This column comes through the Grant County Extension Service out of New Mexico State University.
Guest columnist this week: Alissa Freeman - Senior Program Specialist and Director of the pollinator-friendly NMSU Learning Garden at the NMSU Agricultural Science Center at Los Lunas.
Question: I’ve heard that homegrown tomatoes shouldn’t be stored in the refrigerator because they’ll lose their flavor. How does that work?
Sarah M., Las Cruces
Answer: The short answer is that volatile organic chemicals (aka volatiles) in tomato fruits are responsible for providing complex flavors—beyond plain old sweet and tangy tastes—and many of these volatiles are released when chilled to around 55°F or lower, thereby creating a noticeable loss in flavor. That’s why we’re told to keep tomatoes out in the open instead of in the crisper. The long answer winds up being a rich story of customer relations, plant breeding, plant physiology, chemistry, marketing, classical music, disappointment, and hope.
Question: What’s causing this rash of dark brown fuzzy spots on the undersides of my hollyhock leaves, and is it killing my plants?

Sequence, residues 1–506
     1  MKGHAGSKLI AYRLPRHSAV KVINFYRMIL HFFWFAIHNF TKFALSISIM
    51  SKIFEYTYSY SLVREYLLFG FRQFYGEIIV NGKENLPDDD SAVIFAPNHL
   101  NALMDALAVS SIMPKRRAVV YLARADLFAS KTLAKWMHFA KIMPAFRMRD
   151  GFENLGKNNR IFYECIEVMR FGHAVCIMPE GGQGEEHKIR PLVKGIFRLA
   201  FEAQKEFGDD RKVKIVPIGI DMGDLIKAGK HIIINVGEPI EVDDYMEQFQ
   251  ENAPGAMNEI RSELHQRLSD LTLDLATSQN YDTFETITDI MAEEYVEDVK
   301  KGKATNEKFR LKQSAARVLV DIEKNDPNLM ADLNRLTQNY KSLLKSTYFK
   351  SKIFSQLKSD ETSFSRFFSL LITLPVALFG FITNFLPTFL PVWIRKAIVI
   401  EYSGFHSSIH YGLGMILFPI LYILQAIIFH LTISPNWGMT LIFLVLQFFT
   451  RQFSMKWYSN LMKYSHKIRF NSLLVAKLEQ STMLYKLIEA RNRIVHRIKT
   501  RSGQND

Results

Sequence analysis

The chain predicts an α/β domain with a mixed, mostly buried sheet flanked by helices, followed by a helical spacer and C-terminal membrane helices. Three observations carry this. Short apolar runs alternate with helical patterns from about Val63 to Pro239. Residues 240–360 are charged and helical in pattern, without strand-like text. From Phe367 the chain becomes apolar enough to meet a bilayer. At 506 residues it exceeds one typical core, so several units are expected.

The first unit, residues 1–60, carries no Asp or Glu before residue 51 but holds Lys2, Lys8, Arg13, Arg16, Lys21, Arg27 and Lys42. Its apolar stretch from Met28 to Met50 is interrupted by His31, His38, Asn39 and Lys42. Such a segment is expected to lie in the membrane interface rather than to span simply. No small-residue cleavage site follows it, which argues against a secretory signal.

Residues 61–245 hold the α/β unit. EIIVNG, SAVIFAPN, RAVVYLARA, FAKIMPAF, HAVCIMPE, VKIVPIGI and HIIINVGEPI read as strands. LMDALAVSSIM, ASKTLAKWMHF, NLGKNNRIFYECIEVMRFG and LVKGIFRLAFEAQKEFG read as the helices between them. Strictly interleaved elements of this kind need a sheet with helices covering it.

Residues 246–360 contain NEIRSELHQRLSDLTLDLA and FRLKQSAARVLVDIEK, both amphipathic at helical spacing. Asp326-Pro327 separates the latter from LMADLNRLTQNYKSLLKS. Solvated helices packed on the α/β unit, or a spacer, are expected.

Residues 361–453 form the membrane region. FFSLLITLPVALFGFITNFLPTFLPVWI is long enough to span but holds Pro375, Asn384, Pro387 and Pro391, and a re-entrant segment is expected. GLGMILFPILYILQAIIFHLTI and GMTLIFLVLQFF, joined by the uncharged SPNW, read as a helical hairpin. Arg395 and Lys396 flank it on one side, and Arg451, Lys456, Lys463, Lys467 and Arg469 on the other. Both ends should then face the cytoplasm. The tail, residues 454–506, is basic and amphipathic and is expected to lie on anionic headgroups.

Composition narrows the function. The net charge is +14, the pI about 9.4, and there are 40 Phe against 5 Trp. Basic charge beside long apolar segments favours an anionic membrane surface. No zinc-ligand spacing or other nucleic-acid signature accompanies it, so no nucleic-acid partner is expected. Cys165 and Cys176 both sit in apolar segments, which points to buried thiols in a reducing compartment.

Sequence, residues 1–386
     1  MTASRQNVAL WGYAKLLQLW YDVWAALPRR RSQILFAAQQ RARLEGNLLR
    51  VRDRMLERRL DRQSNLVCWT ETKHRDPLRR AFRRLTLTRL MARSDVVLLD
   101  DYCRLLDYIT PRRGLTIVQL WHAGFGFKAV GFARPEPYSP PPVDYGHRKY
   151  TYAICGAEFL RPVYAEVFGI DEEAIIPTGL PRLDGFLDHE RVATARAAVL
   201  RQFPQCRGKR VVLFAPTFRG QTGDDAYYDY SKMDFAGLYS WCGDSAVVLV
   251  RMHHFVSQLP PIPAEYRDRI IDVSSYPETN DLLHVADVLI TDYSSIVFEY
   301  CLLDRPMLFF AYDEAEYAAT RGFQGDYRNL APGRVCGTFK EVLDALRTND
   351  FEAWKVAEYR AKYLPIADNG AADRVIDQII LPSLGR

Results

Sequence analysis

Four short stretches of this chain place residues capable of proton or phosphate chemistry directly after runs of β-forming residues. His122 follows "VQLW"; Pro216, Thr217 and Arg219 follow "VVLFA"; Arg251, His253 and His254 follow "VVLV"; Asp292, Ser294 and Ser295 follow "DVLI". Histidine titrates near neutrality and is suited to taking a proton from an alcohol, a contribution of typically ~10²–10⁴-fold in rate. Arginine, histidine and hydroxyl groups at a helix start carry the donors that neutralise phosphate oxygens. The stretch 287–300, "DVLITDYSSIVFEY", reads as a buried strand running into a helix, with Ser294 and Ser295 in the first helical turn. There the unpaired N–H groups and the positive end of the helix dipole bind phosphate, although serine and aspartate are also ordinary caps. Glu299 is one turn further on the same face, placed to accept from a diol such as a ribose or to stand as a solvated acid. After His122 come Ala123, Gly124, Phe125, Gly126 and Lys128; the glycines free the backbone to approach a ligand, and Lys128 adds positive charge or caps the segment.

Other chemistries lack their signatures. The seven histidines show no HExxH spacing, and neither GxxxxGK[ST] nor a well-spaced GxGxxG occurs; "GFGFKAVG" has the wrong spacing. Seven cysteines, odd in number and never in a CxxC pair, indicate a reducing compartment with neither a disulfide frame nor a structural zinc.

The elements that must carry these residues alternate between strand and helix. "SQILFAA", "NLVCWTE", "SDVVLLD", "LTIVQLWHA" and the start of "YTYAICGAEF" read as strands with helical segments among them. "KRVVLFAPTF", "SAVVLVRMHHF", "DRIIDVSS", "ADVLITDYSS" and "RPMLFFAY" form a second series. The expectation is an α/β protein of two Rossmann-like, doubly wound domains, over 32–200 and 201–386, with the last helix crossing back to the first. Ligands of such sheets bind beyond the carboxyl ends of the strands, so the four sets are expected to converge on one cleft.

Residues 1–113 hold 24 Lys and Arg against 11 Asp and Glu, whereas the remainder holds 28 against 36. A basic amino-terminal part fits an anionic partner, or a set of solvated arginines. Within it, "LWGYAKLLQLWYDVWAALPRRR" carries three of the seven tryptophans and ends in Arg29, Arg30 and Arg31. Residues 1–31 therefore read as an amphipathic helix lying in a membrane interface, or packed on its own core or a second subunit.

- Eileen R., Las Cruces
Questions: What time of day should I water my raised bed garden? Why is water pooling on the soil surface? When is the right time to pull garlic?
Questions: Why do people build raised beds? Why not just plant directly in the soil? What’s the recommended height for a raised garden bed? Am I ruining everything by overcrowding my poor plants? What if my raised bed was ready, but I was too late to plant?
Question: I suspect that curly top virus caused half of my tomatoes to wilt and die last year before July, so this year I’ve covered each cage with shade cloth to keep the beet leafhopper out. If wrapping each plant keeps insects out, how do the flowers get pollinated?
- Mary T., Belen, NM